What should I take into ac­count when paint­ing an icy cav­ern?

ImagineFX - - Imagine Nation Artist Q&A -


Mark replies

The trick­i­est part in paint­ing an ice cav­ern is cap­tur­ing the unique qual­i­ties of the ice it­self. The clean ice al­most re­acts to light as glass, but in na­ture the frozen wa­ter has a lot of dirt and other or­ganic ma­te­ri­als in it that makes it slightly less trans­par­ent. This, and the gen­er­ally un­even sur­face of the ice, cre­ates the typ­i­cal cloudy char­ac­ter of the ma­te­rial. In ad­di­tion, ice varies in ap­pear­ance, depend­ing on how com­pressed it is and ei­ther how rough or melted and shiny its sur­face is.

Be­cause the light com­ing in through the en­trance of the cave shapes this whole il­lus­tra­tion, I start with a dark base colour and grad­u­ally build up the var­i­ous lay­ers of the ice with ‘ light’. I used the mix of Over­lay, Soft Light and Color Dodge lay­ers to achieve the feel of the scat­tered lights around the il­lus­tra­tion. For the high­lights and sharper edges of ice shards I use Nor­mal lay­ers and paint within hard se­lec­tions with the Lasso tool.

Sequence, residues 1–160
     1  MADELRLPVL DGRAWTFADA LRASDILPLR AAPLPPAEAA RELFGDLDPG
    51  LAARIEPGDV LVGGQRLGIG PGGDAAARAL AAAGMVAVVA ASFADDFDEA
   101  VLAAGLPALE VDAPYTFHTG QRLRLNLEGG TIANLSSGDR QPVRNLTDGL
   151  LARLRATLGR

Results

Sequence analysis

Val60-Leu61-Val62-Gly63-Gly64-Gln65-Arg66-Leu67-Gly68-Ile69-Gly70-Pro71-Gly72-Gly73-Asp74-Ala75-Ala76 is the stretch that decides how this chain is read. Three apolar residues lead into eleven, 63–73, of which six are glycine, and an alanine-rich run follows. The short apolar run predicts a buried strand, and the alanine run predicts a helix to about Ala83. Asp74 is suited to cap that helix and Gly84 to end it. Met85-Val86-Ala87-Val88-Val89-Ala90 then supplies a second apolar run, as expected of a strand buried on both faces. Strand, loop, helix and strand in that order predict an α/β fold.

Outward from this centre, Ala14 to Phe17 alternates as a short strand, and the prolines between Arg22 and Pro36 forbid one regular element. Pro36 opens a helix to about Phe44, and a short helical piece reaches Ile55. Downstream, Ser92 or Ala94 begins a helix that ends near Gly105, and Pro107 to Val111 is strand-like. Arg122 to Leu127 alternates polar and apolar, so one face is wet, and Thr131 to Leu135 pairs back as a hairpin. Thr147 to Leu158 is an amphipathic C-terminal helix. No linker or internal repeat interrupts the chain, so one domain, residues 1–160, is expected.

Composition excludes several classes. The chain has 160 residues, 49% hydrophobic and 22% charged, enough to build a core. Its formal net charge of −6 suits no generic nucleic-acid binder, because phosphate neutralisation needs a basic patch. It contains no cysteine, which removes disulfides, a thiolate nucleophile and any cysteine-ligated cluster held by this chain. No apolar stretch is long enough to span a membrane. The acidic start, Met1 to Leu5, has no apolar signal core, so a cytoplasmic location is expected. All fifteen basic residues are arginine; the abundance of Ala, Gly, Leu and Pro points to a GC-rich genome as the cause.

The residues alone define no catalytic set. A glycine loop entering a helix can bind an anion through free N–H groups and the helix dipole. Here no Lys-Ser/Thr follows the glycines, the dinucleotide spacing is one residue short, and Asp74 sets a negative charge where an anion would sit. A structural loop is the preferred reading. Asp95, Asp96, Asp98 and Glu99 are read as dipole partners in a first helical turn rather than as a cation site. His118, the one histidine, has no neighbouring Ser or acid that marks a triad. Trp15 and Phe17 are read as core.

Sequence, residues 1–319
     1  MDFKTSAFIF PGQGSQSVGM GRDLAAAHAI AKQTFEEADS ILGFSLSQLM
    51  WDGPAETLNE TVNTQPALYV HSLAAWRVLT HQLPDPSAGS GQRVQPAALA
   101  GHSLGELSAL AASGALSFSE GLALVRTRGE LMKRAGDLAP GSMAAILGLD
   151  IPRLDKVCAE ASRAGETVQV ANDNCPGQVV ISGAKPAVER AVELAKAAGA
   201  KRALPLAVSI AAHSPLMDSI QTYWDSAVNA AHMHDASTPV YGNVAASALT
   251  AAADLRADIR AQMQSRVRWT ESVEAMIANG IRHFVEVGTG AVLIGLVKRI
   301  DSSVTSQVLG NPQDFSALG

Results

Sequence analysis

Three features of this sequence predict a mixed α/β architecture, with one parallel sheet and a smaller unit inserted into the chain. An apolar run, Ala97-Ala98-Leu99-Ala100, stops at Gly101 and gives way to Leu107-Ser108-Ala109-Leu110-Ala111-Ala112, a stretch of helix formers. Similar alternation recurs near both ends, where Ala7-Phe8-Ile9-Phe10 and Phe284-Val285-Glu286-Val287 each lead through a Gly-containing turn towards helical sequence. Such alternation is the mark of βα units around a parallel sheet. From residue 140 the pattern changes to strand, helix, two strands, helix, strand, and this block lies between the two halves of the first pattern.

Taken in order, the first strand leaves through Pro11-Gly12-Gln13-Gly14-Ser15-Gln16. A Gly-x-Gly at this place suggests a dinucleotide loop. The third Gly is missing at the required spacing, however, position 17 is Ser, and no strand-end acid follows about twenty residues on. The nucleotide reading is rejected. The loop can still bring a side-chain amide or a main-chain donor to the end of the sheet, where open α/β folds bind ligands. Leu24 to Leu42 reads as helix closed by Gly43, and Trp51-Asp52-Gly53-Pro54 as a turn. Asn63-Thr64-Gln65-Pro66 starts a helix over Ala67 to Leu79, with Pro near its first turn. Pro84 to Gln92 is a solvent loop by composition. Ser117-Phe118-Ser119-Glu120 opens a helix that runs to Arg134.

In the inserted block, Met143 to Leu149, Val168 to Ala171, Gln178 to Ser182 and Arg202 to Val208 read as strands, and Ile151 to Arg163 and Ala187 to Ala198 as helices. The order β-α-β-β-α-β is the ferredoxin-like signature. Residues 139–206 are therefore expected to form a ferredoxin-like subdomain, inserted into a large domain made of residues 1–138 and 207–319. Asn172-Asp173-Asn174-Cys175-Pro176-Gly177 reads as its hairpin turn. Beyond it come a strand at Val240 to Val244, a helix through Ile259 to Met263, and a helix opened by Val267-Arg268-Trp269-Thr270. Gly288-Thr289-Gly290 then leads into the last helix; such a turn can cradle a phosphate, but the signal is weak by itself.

Ice is a re­flec­tive sur­face that’s also semi­trans­par­ent, so what’s be­hind and around the ice is im­por­tant, too. In this case I try to show the rocks be­hind the ice and also add warmer re­flec­tions of the colours of the in­dus­trial ro­bot and mix in greens and turquoise around the en­trance, to sug­gest the warmer outer sun­light.

To show some op­po­si­tion to the ice, I paint in a rusty, eroded gi­ant ro­bot frozen in the ice that’s dif­fer­ent in colour pal­ette and ma­te­rial qual­i­ties.

Vary­ing your edges can make your painted ice look more re­al­is­tic. I use sharper edges (1) to show its re­flec­tive qual­i­ties, blurry soft edges (2) to sug­gest its trans­parency and painterly brush marks (3) to de­pict its rougher sur­face.

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